Pierre Poilievre did a campaign video about this Vancouver house. Here’s the story of how its price climbed from $265,000 to $4.9 million

VANCOUVER—A roof with spotty collections of black gunk and moss tops this house, which was built nearly 100 years ago. Paint is flaking off the window frames, while the front gate, part of a fence surely longing for its youth, sits ajar and half resting on the front lawn.

Almost all generations of housing are represented on this block in East Vancouver. A brand-new complex with several small, two-storey units, on lots that once held only one house, sits across the avenue from 1990s-style “monster homes.”

“Vancouver specials” — a boxy and pragmatic house design, both detested and beloved by locals, that was hugely popular in the city during the 1960s — take up a number of lots, with the odd postwar bungalow wedged in between.

But on this street, now lined with pink cherry blossoms strutting their April best, it’s the little house with the dirty roof, depressed gate and mismatched mud room that’s suddenly in the spotlight.

That’s because Conservative Party of Canada leadership candidate Pierre Poilievre wants you to know this place could be yours for nearly $5 million.

On Monday morning, Poilievre released a campaign video using the home to illustrate the housing crisis Vancouver is facing. Referring to it as a house that was once a “piece of heaven” for a working-class family, he stresses that those days are gone — and he blames governments.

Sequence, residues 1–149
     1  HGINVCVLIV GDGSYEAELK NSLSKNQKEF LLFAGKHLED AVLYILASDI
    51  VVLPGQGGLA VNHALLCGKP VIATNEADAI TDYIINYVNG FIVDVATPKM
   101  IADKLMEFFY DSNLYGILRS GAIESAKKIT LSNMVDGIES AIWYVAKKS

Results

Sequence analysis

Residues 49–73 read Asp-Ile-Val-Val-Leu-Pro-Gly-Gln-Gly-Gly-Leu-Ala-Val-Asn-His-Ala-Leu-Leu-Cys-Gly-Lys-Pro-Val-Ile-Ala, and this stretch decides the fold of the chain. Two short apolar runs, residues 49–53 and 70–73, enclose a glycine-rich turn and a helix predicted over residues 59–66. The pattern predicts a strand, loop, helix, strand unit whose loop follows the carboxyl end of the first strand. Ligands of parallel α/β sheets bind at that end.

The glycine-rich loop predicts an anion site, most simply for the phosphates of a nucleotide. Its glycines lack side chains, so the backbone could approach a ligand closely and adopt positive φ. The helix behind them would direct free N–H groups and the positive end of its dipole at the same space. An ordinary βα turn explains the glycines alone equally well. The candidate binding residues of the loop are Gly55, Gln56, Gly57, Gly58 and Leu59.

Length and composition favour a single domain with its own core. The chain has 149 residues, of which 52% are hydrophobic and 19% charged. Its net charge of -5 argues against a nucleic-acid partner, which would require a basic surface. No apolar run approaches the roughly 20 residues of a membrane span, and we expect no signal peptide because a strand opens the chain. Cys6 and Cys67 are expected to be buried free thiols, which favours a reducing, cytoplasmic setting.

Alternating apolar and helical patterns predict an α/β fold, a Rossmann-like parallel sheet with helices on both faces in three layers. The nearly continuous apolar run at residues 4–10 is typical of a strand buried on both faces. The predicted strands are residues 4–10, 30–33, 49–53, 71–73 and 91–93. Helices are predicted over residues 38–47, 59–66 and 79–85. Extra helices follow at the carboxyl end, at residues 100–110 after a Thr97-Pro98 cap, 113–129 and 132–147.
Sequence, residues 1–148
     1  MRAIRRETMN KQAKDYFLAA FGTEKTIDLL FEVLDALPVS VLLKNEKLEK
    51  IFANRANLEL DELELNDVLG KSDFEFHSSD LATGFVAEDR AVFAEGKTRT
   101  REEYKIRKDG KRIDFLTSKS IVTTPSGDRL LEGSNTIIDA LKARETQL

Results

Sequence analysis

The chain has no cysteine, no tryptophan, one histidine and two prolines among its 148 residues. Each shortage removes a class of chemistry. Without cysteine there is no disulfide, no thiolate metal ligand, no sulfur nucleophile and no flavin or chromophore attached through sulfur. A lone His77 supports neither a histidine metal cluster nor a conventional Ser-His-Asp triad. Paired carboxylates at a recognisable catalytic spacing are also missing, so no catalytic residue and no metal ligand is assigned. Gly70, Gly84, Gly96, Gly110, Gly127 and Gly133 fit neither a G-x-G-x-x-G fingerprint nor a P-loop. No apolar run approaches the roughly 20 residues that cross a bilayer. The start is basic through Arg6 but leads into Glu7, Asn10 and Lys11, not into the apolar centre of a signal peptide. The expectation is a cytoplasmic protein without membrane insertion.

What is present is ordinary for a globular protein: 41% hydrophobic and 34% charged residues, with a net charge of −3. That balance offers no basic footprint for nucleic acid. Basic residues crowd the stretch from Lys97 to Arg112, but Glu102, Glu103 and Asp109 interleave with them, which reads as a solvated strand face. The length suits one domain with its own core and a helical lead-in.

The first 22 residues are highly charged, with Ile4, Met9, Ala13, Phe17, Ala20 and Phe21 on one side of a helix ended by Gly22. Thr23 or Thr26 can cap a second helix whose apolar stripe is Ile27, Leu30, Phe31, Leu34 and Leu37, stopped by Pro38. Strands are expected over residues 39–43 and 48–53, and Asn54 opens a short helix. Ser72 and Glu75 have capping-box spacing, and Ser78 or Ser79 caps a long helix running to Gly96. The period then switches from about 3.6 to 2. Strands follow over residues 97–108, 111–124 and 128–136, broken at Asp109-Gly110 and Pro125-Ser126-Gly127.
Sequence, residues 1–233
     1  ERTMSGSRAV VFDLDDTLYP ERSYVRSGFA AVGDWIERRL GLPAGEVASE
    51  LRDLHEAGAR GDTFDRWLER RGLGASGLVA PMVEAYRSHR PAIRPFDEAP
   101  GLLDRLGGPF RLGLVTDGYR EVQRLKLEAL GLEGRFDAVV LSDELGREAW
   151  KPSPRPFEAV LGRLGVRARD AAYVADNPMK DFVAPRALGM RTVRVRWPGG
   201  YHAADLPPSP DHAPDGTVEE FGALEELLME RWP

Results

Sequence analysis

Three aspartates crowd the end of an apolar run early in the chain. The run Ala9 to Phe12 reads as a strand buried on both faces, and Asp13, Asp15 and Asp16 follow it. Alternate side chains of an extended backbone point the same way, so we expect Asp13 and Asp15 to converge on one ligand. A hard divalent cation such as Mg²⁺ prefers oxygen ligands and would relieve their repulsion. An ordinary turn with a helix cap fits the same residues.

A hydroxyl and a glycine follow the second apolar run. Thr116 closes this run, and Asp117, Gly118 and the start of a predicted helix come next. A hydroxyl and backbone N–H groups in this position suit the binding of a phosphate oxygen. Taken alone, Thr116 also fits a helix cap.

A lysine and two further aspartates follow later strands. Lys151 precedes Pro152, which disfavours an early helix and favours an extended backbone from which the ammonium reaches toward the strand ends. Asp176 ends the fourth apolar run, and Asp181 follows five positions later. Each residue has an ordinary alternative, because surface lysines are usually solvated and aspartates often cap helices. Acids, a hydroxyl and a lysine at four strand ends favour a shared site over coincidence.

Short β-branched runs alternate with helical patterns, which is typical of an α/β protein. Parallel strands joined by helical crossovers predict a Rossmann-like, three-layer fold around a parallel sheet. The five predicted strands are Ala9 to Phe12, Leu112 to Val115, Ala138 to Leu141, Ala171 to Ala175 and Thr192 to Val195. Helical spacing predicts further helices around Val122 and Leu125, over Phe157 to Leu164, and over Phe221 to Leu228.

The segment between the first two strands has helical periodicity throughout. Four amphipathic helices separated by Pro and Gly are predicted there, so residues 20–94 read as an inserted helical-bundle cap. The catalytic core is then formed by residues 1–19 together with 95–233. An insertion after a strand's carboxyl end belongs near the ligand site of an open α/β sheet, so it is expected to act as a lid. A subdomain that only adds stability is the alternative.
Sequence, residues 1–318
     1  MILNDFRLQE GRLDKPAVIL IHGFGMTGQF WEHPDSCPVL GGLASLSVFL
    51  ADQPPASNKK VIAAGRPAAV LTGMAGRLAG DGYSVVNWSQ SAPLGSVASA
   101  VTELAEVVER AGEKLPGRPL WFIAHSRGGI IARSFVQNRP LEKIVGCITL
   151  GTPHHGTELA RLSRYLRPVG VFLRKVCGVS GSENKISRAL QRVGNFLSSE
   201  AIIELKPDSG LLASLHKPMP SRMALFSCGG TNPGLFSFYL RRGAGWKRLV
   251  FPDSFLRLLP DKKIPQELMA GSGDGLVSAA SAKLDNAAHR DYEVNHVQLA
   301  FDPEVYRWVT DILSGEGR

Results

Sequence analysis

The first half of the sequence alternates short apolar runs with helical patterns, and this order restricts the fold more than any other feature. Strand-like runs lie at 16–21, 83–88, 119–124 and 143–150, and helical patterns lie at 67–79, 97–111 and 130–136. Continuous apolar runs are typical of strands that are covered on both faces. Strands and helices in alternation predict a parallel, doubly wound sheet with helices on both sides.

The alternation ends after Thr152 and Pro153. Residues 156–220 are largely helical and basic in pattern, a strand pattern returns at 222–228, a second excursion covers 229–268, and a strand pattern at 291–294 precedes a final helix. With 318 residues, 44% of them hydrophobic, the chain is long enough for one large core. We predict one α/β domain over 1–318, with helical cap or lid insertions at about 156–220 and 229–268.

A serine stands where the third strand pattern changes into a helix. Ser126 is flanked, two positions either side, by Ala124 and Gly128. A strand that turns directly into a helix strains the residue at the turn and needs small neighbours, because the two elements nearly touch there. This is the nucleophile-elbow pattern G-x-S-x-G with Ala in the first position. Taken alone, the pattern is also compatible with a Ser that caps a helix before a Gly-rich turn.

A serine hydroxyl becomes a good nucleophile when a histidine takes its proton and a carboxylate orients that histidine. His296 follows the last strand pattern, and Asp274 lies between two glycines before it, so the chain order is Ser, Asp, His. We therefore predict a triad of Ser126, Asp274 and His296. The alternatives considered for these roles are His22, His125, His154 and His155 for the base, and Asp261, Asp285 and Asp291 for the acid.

“My message to City Hall here in Vancouver is: ‘Remove the gatekeepers,’” he says in the campaign video, blaming municipal fees and permits for delay and expense in building homes. “Stop blocking the poor, the working class and our immigrants from the privilege of owning a home here in this country.”

He calculates the cost per unit if small, multiple units were put on the property, estimating the average person would need a $950,000 mortgage to afford one, even if it were broken up into six units.

Rachel Choi lives next to the property. When she moved in more than a year ago, she says, she was told it would be developed but no work has started and there’s renters living in it now.

No one answered the door Monday and the Star was unable to reach the listed owners of the property, who live at another Vancouver address.

Poilievre used the house as a symbol for affordability issues in the country, pointing the finger at local governments and federal monetary policy working for the wealthy. He promised to fix the issue should he become prime minister.

But there is more to the story of this particular house than a white-hot market with easy-to-identify villains. Whatever its future, the sales history of the property tells the story of the remarkable transformation it and the rest of the city have undergone.

According to property records, the house was originally built in 1930 as a single-family home of 1,805 square feet with four bedrooms on a large double lot. There’s a wide, flat lawn, a couple of fruit trees, a small laneway house and a pergola in the backyard: An example, it would seem, of a modest family home in a middle-class neighborhood.

Records show two previous sales for the property. In 2020, it sold for $2.75 million. The most recent sale before that was in 2006 — when it sold for $275,000.

Patrick Condon, a professor at the University of British Columbia in urban design, said it’s the land this house was built on, rather than the house itself, that has increased so much in value.

“Urban land globally has attracted investors in the same way that bitcoin, gold, stocks and bonds and so forth — asset classes — have attracted investors, particularly in the last in the period since the 2008 crash,” Condon said. “Urban land has become considered a very valuable investment opportunity, with very little risk of it losing value.”

A complicating factor in the price of that land, Condon said, is that the value is not based solely on how much land is available.